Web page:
Monday, 23 July 2012

tick, tock

Feeling uneasy, not sure what to do,
mind is not on the job,
preoccupied and looking for distractions,
one hour to fill.
What do I do?
Breathe.

So much to get through
but can't concentrate,
uneasily looking for a diversion,
anything but this.
What do I do?
Nothing.

Anxious and nervous,
energy surging through the body,
agitation turning the stomach funny,
and the mind restless.
What do I do?
Accept

Time is not a commodity to be filled,
or segmented into neat portions.
Is it a friend or an enemy?
Neither,
it is a man-made creation
to apportion years, seasons, months, days moments
into meaningful divisions.
It is not a rule to beat yourself with.
Or something that will run out
if it is not contained.

So breathe,
do nothing,
accept
and be.
This moment is all the time you need.

© 23 July 2012

Saturday, 21 July 2012

Thought for the day

Are you living in the realm of things as they are, or in the world of suffering?

Monday, 16 July 2012

Poppies

Tonight at Sangha we had a chance to go outside into the garden and spend some time deeply looking and investigating something. Noticing the judgements that come up and trying to see afresh without being carried away by perceptions coloured by previous experiences. Here are my reflections

Did you see the poppies
by the path?
Unfurling, becoming
not yet formed into flowerness.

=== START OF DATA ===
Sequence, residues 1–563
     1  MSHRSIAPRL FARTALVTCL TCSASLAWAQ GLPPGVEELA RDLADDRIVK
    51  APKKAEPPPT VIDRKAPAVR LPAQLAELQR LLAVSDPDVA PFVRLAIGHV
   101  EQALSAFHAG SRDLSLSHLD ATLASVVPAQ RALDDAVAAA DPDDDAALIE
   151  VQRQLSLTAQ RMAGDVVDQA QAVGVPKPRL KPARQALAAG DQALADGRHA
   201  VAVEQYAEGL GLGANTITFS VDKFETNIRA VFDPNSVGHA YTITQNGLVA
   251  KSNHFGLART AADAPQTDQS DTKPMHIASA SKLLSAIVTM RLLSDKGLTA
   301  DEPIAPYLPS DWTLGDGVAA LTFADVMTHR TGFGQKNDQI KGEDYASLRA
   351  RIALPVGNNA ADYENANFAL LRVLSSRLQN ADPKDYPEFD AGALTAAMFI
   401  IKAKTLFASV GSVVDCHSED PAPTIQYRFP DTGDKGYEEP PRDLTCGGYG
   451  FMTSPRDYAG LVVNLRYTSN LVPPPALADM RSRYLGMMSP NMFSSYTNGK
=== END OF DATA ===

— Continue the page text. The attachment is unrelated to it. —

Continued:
Two poppies
standing straight and
other flower heads
flopping, not yet ready,
resting on
silver-grey-green leaves
with serrated edges
and raindrops
round, iridescent globules
sitting on the leaves.
Hello poppies
by the path
unscented, unfolding
many shades of red, crimson
and pink
with depths of purple
at the base.
Tomorrow you will be in
the full flourish of flowerness
and I will not be there to see.
Tonight I enjoy
two poppies by the path
still sporting green caps of
protective bud
unfurling and becoming.

© 18 July 2012

Tuesday, 10 July 2012

Training

Last week I did a week's intensive MBSR teacher training course. It was completely amazing, as well as intense and emotional and tiring. The course leader was superb and she took us through a whole series of guided meditations and mindful exercises, some of them incredibly simple, but just another way into being mindful in one's daily life. And the week away from the Ph.D did me the power of good, so that I felt really refreshed coming back to it this week, and the final bits of writing have gone really well. So from September I will be teaching MBSR courses in Yorkshire and from next year running retreats as well for people who want an extended practice of mindfulness. I can't wait!
Coming back to the course, I think the most interesting bits for me personally were mindful movements,   which were yoga type exercises and watching the reaction in the mind to what was happening in the body. There's a lovely question when you get to the point of feeling you can't continue holding a pose, is it the body or the mind that's saying no? I find that a really useful question because often it is the mind, the body can cope with more than the mind thinks. It reminds me of the analogy the Buddha used of 2 arrows. If one is hit by an arrow it hurts, but if one is hit in the same place by a second arrow the hurt is increased tenfold. The first arrow is pain, which exists as part of the human condition, but the second arrow is suffering, which is the attachments we place on top of the pain, the comments or judgements we make. As Thay says, pain exists but suffering is optional.